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GET GOING

In the hullabaloo surrounding the impending change of government, it is strange that Kashmir should seize attention. But it undoubtedly has, with the plea of the prime minister’s special envoy for Afghanistan-Pakistan that the delineation of the Line of Control as the border between India and Pakistan may help resolve the Kashmir problem. The LoC has been the site as much of recent military skirmishes as political wrangling. So it is not surprising that Satinder K. Lambah’s comment has grabbed eyeballs. It is possible that Mr Lambah may have sought to draw attention to the accomplishments of the United Progressive Alliance government, but his harping back to the Pervez Musharraf-Manmohan Singh formula of a “soft border” serves more as a reminder of the momentum lost than gained in India-Pakistan ties, a factor that has also botched the settlement of the Kashmir issue. It is important to remember that what impeded the steady advance on Kashmir and bilateral issues was not so much the challenge posed by cross-border terrorism as the compulsions of domestic politics, as election-time governments in both the countries sought to adopt a hard line to prevent the Opposition from raking in political gains. Thus, while Pakistan held back its grant of most-favoured-nation status to India, India reneged on liberalizing the visa regime, thereby scotching the chances of bonhomie.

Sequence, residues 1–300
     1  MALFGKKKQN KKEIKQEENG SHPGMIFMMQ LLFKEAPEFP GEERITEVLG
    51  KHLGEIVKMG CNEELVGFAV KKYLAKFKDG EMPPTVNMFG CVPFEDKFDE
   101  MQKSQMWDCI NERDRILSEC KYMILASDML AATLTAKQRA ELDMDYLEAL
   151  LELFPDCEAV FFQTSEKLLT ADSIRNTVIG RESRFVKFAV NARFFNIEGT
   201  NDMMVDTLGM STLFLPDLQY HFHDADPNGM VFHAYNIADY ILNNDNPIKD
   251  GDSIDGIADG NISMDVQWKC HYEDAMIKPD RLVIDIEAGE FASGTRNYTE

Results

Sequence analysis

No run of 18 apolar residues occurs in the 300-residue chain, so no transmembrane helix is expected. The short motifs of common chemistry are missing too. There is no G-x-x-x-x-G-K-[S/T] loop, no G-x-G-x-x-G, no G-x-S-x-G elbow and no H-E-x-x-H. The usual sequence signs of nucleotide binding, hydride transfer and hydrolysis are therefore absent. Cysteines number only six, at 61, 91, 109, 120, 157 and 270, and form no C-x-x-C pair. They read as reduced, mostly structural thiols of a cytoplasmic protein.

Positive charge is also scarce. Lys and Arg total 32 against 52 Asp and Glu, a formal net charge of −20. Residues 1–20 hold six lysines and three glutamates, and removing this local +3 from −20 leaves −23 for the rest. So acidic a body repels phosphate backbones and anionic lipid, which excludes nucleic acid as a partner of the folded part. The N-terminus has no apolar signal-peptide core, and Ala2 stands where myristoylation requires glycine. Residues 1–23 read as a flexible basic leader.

It is good that Kashmir has bobbed up on the national radar at a time a Bharatiya Janata Party-led dispensation is supposed to claim the mantle at the Centre. Peace on the LoC is as crucial at a time of the larger changes in Afghanistan as a settlement of Kashmir’s constitutional status. The BJP had created a ruckus on both issues in the run-up to the elections. The party’s prime ministerial candidate, Narendra Modi, has often talked of reviving the momentum set by Atal Bihari Vajpayee in bilateral relations. Unless he and the party revise their revanchist attitude on Kashmir, India may never get the ball rolling again.